Analytical Instrumentation, Methods & Materials
Super-Continuum Ultraviolet Light Source with Single Stage Laser Drive
Inventors: Scott Sanders, Joachim Walewski
The Wisconsin Alumni Research Foundation (WARF) is seeking commercial partners interested in developing a fiber-coupled, broadband UV light source with approximately one million times the spectral radiance of conventional UV lamps.
Ultraviolet (UV) lamps are used as a source of white (multi-colored) UV light for many applications; however, these lamps are large and expensive, require a high voltage, generate a lot of heat and may waste much of the bright light due to leakage when coupled with optical fibers.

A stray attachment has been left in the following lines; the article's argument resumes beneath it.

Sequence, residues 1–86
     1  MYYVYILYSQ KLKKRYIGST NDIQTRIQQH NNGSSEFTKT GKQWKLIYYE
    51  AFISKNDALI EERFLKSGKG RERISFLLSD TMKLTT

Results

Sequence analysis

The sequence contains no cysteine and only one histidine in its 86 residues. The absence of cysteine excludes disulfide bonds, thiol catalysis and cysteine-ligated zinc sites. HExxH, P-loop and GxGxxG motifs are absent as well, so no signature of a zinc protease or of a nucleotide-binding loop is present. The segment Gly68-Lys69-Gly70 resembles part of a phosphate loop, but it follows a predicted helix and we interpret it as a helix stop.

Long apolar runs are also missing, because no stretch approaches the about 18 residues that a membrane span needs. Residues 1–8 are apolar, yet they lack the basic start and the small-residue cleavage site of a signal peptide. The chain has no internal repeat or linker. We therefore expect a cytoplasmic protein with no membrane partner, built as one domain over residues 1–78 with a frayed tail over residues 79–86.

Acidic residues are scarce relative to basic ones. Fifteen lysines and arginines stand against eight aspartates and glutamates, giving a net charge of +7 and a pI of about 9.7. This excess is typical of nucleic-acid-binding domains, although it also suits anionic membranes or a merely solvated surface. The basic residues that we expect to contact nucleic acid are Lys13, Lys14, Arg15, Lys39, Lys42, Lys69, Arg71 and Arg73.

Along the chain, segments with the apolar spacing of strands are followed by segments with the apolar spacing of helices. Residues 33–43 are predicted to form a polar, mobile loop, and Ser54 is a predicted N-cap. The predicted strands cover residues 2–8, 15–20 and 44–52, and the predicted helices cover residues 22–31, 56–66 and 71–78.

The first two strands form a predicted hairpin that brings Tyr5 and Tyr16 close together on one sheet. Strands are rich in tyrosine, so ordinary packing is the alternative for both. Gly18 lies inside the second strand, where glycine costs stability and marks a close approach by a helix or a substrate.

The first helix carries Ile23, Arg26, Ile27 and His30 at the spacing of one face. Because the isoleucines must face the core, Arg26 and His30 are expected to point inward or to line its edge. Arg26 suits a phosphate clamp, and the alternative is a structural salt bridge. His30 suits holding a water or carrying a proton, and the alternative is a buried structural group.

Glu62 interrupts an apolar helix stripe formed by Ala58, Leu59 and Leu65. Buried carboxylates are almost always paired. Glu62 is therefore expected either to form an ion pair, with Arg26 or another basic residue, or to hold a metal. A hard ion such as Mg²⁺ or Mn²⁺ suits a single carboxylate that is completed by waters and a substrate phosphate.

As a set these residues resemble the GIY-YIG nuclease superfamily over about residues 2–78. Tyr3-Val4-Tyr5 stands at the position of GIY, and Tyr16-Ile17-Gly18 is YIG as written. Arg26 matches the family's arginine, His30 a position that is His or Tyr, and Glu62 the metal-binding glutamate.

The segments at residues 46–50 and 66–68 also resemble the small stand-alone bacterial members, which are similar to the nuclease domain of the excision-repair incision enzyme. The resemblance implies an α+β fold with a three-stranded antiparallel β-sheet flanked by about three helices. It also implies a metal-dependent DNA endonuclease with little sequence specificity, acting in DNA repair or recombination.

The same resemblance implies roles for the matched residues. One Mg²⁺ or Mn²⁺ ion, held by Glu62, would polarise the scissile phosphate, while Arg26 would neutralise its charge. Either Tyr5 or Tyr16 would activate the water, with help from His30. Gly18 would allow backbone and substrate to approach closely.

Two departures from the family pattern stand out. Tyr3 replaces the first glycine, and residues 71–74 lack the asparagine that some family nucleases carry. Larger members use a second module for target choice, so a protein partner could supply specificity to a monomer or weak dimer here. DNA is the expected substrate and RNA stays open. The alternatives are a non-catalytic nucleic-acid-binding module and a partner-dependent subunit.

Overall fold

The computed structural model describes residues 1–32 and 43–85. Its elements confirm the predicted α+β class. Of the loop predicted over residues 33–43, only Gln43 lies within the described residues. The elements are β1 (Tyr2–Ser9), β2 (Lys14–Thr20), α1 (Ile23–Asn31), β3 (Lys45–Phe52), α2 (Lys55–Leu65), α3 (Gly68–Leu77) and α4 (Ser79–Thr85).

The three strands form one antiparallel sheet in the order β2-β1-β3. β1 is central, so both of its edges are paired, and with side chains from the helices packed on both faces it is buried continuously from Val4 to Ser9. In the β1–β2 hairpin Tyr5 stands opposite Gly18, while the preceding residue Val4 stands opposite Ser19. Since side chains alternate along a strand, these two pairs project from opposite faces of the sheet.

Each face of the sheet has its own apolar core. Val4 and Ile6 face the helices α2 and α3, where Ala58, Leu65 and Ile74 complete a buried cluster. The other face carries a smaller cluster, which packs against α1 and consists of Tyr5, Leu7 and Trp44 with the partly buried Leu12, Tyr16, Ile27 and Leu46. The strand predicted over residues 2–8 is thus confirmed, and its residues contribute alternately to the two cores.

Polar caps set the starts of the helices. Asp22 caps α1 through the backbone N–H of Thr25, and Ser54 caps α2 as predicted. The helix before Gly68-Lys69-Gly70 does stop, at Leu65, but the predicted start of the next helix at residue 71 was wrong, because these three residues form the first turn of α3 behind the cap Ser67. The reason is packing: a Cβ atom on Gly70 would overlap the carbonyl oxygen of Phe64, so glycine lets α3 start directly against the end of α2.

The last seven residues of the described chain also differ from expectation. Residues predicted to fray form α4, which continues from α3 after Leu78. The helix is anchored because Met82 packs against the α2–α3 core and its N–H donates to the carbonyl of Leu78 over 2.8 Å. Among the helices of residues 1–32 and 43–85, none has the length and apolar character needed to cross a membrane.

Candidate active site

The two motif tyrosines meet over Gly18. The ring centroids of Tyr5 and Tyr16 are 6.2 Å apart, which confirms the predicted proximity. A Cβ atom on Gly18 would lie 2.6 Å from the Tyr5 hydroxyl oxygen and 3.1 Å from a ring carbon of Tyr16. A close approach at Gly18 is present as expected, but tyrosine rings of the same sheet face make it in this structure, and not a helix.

UW-Madison researchers have developed a fiber-coupled, broadband UV light source with approximately one million times the spectral radiance of conventional UV lamps. This UV supercontinuum source consists of a pulsed ultraviolet laser followed by a fiber-optic cable. It produces light that is laser-like, except that it possesses many colors rather than just one. To achieve supercontinuua, a particular relationship among properties including laser pulse duration and energy, laser wavelength and fiber dispersion, diameter and length must be met.
- Sensing gases, biospecimens and other materials that absorb UV light
- Compact; making it a practical, direct, drop-in replacement for all fiber-coupled UV lamps
- Produces a UV continuum in a wavelength range extending to less than 350 nanometers
- Can be coupled with a “scanner” to provide a broadly tunable UV source
- Can be driven with a single-stage, narrow-band laser
- Does not require spectral broadening of the fiber optic excitation pulse by an organic dye laser
- Different types of optical fibers may be used.
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